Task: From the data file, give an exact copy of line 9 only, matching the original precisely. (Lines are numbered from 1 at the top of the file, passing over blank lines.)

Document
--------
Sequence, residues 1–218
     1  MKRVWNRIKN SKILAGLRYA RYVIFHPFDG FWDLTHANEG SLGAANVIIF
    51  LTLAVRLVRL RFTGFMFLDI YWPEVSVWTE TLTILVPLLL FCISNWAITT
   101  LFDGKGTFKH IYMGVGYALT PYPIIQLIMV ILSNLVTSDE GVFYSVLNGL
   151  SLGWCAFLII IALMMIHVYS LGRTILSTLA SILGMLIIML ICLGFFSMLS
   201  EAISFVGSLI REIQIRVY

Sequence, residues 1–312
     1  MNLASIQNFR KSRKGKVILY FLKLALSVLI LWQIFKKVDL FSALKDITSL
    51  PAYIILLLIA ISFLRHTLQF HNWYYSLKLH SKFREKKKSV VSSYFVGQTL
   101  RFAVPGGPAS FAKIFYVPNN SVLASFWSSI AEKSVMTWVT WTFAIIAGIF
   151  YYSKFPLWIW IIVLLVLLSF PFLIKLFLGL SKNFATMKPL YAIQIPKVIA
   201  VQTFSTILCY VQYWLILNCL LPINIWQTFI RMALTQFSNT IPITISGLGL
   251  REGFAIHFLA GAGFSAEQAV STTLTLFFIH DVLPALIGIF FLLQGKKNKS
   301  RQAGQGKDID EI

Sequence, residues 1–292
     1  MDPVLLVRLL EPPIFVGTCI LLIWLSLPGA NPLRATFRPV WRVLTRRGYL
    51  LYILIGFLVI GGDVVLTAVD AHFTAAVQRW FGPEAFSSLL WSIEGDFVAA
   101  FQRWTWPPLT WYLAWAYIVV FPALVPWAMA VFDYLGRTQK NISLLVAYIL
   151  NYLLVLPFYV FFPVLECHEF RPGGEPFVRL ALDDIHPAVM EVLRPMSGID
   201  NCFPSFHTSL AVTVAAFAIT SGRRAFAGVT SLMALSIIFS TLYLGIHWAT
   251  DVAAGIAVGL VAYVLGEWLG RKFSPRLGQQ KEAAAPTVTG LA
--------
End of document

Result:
    51  PAYIILLLIA ISFLRHTLQF HNWYYSLKLH SKFREKKKSV VSSYFVGQTL